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Retailers balance risk, reward in adding natural products

Supermarkets are highly selective in adding natural and organic products, but they are more likely to embrace items from brands that truly understand their needs.

That was the consensus of a panel discussing this topic during the Supermarket News Health and Wellness Summit at Expo West in Anaheim, Calif.

For new products, “we need it to be on trend now,” said Rhonda Siltman, category manager, natural and organic, Coborn’s, St. Cloud, Minn. “It needs to be understandable today, with understandable value, since we are a conventional supermarket.”

Despite that caveat, Coborn’s wants to be current in taking on new items at a time when the natural and organic segment is performing very well for the company.

“We like to be first to market,” she said. “I want us to be a destination for this. I’m willing to take a risk if a vendor has done their homework.”

Doing one’s homework often means understanding not only the needs of the supermarket channel, but of specific retailers, panelists said.

“If you’re a brand, you need to understand the strategy of the store banner,” said Scott Silverman, VP, customer insights and growth solutions, KeHE Distributors, Naperville, Ill.

“You also must prove the brand has impact in the category,” he added. “Start locally, because you need proof of concept on what works. You need to tell your brand’s story in-store. Can the brand have impact in the category that’s scalable and makes sense?”

When working with supermarkets, as opposed to other types of retailers, “the cost of entry is greater and the risks are higher,” Silverman said.

Moreover, new items need to find their special niche, and it doesn’t have to be about product innovation alone.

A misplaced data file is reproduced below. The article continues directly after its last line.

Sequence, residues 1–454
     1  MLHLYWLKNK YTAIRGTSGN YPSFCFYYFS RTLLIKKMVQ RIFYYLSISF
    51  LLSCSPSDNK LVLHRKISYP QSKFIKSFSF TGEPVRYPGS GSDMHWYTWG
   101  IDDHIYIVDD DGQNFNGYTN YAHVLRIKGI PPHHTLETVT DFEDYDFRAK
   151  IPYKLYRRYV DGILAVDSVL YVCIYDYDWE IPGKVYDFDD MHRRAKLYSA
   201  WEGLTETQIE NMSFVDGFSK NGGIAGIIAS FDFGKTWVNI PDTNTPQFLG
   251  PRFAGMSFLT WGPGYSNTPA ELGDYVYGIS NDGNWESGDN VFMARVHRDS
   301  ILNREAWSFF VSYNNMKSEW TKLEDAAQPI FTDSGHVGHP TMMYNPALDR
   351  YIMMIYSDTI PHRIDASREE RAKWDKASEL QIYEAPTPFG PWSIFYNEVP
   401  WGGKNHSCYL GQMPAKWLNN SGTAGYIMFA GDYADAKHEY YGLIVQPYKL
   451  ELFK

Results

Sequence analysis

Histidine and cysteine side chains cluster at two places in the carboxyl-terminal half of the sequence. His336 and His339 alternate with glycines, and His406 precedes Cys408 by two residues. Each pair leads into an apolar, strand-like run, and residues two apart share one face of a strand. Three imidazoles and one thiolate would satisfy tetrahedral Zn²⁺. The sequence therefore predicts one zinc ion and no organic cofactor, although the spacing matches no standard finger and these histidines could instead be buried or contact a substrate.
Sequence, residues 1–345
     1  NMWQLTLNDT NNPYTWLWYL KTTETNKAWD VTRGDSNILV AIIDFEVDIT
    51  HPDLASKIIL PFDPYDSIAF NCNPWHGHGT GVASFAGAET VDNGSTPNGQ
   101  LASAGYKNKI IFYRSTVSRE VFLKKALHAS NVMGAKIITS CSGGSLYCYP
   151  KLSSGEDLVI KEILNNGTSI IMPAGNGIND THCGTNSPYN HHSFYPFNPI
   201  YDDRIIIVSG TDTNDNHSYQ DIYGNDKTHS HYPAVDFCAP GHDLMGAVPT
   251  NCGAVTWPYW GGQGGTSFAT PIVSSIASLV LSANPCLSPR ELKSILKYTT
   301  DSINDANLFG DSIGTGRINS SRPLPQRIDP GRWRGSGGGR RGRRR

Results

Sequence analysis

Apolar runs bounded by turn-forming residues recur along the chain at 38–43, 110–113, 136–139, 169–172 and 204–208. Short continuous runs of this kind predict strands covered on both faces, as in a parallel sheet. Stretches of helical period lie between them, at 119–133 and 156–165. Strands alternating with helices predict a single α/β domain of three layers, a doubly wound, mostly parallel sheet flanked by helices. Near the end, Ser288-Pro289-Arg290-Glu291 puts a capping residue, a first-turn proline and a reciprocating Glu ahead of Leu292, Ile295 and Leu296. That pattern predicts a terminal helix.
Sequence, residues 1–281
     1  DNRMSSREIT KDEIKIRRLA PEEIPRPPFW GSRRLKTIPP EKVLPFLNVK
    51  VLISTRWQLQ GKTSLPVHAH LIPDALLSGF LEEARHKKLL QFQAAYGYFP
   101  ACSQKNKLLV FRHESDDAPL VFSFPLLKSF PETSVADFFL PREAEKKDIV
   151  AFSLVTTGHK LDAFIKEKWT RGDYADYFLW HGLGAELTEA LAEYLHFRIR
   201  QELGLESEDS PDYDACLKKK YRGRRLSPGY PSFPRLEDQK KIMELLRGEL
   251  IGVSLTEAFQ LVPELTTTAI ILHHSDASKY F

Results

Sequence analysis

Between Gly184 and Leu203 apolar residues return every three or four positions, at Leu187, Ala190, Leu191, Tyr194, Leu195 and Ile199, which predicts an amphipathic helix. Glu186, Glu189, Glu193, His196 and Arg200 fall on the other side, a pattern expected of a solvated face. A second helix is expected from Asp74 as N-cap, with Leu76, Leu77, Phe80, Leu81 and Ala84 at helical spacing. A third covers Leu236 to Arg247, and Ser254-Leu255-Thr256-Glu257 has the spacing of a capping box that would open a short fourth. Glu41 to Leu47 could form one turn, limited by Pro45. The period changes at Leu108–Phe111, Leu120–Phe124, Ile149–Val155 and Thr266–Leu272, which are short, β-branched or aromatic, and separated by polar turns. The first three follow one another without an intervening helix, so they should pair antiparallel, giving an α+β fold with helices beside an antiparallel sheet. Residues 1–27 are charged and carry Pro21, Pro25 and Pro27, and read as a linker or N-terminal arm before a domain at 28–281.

“Let’s say you have a new blue corn chip product that enhances retailer margins,” Silverman said. “Margin enhancement is another way to approach supermarkets.”

He emphasized that the supermarket channel is making good strides with natural and organic and needs to focus more on marketing and communications.

“Supermarkets are doing more than ever in bringing in items and dedicating more space on shelves,” he said. “That’s half the job. The other half I’d like to see involves more integrated marketing campaigns telling communities why these products make a difference.”

This involves staff training and consumer education, he emphasized.

“It’s telling the stories of the brands. Traditional grocers have big megaphones. They can amplify the message and benefits to help Americans think differently about food and agriculture.”

Todd MacGrath, director of conventional accounts, Presence Marketing, a natural and organic brokerage based in South Barrington, Ill., outlined a number of factors he considers in deciding whether to bring new brands into his company’s portfolio.

“Are brands prepared for the cost of entry and cost of promotion?” he said. “What’s been their success in the natural channel? What can they offer to the supermarket trade?”

He said it’s important “to understand a brand’s scalability, in terms of how much they can take on.”

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Publix Associates Changing Lives by Helping the Hungry

Courtesy of
Across our six state operating areas you’ll see and meet Publix people serving our customers in stores, serving each other in times of need and serving our communities throughout the year. It’s part of our culture to be responsible citizens and give back to the neighborhoods where we work and live. Whether it’s supporting our corporate charities like Special Olympics, March of Dimes, Children’s Miracle Network, Food For All, or volunteering our time, talents and financial support to causes close to our hearts, Publix Associates are committed to making a positive impact in our stores and in our community.

The core of what makes us successful – our secret sauce – are our associates, 174,000 strong and counting! We look for people to join our team who are passionate about food and service and part of that service comes with having servant’s heart. We often hear stories of Publix People helping those in need, changing lives and making a difference. As we celebrate 85 years of service, we’re proud to share their stories with you, our extended Publix Family. It’s because of our generous customers, that we are able to grow and give back. Thank you for shopping with us over the years.

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Top-5 Ways Supermarkets Help Shoppers Live Healthy